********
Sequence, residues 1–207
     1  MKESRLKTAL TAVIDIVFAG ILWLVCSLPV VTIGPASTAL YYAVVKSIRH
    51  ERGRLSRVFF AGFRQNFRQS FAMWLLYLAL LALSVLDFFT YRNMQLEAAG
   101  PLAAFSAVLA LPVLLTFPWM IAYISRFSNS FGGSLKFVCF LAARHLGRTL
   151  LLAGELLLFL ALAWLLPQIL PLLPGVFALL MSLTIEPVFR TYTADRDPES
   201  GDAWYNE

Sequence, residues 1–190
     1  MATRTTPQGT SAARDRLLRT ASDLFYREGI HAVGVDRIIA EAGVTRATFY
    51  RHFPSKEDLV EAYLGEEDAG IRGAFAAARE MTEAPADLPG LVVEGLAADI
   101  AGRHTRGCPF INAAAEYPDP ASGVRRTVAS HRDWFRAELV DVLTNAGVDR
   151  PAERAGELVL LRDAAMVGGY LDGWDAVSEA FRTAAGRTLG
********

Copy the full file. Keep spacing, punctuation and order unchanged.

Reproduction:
Sequence, residues 1–207
     1  MKESRLKTAL TAVIDIVFAG ILWLVCSLPV VTIGPASTAL YYAVVKSIRH
    51  ERGRLSRVFF AGFRQNFRQS FAMWLLYLAL LALSVLDFFT YRNMQLEAAG
   101  PLAAFSAVLA LPVLLTFPWM IAYISRFSNS FGGSLKFVCF LAARHLGRTL
   151  LLAGELLLFL ALAWLLPQIL PLLPGVFALL MSLTIEPVFR TYTADRDPES
   201  GDAWYNE

Sequence, residues 1–190
     1  MATRTTPQGT SAARDRLLRT ASDLFYREGI HAVGVDRIIA EAGVTRATFY
    51  RHFPSKEDLV EAYLGEEDAG IRGAFAAARE MTEAPADLPG LVVEGLAADI
   101  AGRHTRGCPF INAAAEYPDP ASGVRRTVAS HRDWFRAELV DVLTNAGVDR
   151  PAERAGELVL LRDAAMVGGY LDGWDAVSEA FRTAAGRTLG